Here we go again!

Over the past week or so, we have seen new e-mail viruses released on the unsuspecting public. As I’ve stated many times before in this column, if you are on the Internet, even just for email, you must be running an anti-virus program.

The anti-virus companies such as Symantec (Norton) and McAfee have been updating their products on a daily basis to keep up with the new viruses. Many of you are still running your computer believing you are safe because the anti-virus program that was installed when the computer was purchased two years ago says, every time that you turn the computer on, “no viruses found.”

This virus check is a quick check of the vital system files and does not check every file on your computer. The problem with this check is that it is looking only for viruses that the program knew about when it was written. There have been thousands, and by that I mean more than 10,000, of new viruses produced in this time period.

Even if you would go out today and purchase a new copy of Norton or McAfee, you would find that the program was already at least a month out of date. All the programs have the ability to keep themselves updated while you are on the Internet. You should update at least once a week, if you get a lot of e-mails, or in a business environment, it should be updated daily.

To further protect yourself, you should be very cautious when you receive your e-mail. Do not open an attachment without first verifying the source. It only takes a short time to send an e-mail to the sender to see if they actually sent you an e-mail. Even after you verify the source, you should have your virus scanner check it out.

Programs such as MailWasher will allow you to view the text of an e-mail without downloading it to your computer. Most e-mail services have a form of Web mail that also allows you to view text versions of your e-mail, again without downloading it.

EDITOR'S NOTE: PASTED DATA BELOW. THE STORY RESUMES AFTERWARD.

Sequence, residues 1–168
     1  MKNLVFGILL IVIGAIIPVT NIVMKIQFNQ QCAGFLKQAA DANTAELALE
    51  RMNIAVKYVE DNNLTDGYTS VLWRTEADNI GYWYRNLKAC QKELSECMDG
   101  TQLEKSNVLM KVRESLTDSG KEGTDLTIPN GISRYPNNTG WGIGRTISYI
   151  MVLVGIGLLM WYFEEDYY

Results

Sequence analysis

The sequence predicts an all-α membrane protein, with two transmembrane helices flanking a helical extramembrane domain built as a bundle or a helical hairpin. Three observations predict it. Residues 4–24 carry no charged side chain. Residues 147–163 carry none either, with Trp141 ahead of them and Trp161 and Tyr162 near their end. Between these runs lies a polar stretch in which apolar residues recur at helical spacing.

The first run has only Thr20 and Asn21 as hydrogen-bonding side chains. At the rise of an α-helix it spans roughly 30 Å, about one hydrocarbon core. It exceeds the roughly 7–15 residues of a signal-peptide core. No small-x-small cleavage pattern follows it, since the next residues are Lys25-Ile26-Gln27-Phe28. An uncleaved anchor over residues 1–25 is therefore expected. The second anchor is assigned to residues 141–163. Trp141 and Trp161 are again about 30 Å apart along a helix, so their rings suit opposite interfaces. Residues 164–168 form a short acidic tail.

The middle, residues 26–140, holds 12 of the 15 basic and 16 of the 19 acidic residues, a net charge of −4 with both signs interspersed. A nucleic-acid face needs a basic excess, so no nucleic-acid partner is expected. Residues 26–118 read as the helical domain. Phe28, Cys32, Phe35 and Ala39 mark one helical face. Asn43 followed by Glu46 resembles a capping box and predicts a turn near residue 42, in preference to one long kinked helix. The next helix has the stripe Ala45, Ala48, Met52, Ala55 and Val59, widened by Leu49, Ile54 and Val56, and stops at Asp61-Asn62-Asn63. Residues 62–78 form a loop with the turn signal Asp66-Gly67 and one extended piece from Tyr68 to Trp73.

So what should you do if you download an attachment that contains a virus or Trojan? If your anti-virus program catches the infection, let it quarantine or delete it. If you launch the attachment and you are on a network at home, disconnect the infected computer from the network immediately by unplugging the network cable. If you are at work, stop whatever you are doing and tell your supervisor or the network administrator immediately. Do not save any files or exit any programs; let the supervisor look at what you were doing so that he has a better idea as to what the infection is.

It is important to have backups of files such as Quickbooks and other data files. The programs can always be re-installed; recreating your receivables may cost thousands of dollars and hundreds of man hours. If everything is on the computer, you may find that you are out-of-business if the virus wipes out the data and no backup data is available.

Richard Heller is an independent computer specialist who specializes in repairs, installation, upgrades, technical support, Internet sharing, data recovery and diagnostics. If you have any computer or service-related questions, please send them to The Rock River Times, e-mail, or call 243-1162.

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